First Union Corp. expects more foreign banks to sign with it soon for processing, as Australia and New Zealand Banking Group Ltd. did last week.
"Outsourcing is the wave of the future, and we expect more such agreements as banking consolidates and banks seek to become more efficient," said Charles L. Coltman 3d, executive vice president and head of global corporate banking at the Charlotte, N.C., company.
Mr. Coltman also said that the next deal could be signed with a South African bank.
Last week First Union signed a contract to process trade finance documentation and collections from Hong Kong for Australia and New Zealand Banking, known as ANZ, in Melbourne, Australia.
The agreement is the latest in a series that First Union has signed to handle Asia-based trade finance processing on behalf of Canadian, British, and U.S. institutions.
The bank also decided recently to allocate more than $70 million to develop sophisticated cash management with a special emphasis on international trade and payments, including the development of a multicurrency payment system.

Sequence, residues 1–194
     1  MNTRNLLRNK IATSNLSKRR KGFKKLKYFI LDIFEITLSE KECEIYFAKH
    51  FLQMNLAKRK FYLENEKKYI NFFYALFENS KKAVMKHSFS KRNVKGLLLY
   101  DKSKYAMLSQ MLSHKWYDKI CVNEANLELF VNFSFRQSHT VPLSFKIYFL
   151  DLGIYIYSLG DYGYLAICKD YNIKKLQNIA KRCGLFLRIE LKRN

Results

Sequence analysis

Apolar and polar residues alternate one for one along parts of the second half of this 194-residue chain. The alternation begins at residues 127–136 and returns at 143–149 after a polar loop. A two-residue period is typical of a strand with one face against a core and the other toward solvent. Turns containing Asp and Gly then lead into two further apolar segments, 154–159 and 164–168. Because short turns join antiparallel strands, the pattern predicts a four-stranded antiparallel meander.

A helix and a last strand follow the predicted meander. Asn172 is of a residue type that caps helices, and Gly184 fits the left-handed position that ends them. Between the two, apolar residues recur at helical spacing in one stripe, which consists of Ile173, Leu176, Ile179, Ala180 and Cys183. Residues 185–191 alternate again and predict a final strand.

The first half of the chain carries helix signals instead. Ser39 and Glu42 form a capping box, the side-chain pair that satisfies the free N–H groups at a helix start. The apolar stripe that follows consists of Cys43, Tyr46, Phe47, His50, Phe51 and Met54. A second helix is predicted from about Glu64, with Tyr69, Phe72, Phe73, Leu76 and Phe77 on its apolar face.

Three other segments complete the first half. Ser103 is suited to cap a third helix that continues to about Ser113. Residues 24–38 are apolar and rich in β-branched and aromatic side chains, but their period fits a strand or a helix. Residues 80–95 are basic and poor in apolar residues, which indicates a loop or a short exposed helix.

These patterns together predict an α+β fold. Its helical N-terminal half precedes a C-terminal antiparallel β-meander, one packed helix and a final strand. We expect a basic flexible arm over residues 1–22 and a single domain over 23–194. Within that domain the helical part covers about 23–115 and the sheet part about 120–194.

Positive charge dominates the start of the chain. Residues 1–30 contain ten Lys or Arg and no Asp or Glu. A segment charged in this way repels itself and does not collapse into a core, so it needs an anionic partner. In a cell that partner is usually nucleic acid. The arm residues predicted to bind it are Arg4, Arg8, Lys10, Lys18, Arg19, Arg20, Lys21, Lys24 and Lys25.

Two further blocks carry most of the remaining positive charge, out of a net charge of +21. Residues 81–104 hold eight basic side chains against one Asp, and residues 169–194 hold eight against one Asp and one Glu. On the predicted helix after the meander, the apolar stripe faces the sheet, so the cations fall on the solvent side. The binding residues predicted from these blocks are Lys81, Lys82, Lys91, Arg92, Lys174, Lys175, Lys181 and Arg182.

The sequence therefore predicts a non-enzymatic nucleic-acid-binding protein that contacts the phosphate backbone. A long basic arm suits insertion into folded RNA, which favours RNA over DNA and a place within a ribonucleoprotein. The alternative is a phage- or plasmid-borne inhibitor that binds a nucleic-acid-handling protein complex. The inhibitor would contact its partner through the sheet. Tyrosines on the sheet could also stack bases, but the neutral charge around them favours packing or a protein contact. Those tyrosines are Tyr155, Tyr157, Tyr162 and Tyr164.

First Union handles its global processing from 11 offices, including five international branches in Tokyo, Taipei, Hong Kong, Seoul, and London, as well as 24-hour foreign exchange trading through its Hong Kong, London, and Charlotte foreign exchange desks.
The $220 billion-asset banking company, which recently acquired Philadelphia-based CoreStates Financial Corp., is also the fourth-largest issuer of commercial letters of credit among U.S. banks, with $2.18 billion outstanding at yearend.
It is also one of several U.S. and foreign banks, including Chase Manhattan Corp., BankAmerica Corp., and Standard Chartered PLC, seeking to handle back-office trade finance processing for other banks under what is known as "private-label" services.
However, Mr. Coltman stressed that First Union is in a particularly advantageous position because it does not compete with other banks for local banking business outside the United States. Instead, it mainly provides banking services to other banks.
"First Union is a logical partner for banks around the world because we do not compete for corporate business other than with U.S. subsidiaries of foreign corporations," Mr. Coltman said.
ANZ, a $100 billion-asset bank, operates in 43 countries in the Middle East, Asia, and the Pacific. Under the agreement with First Union, ANZ will link its Hong Kong trade processing to First Union's and will also makes its network in Asia available to First Union customers.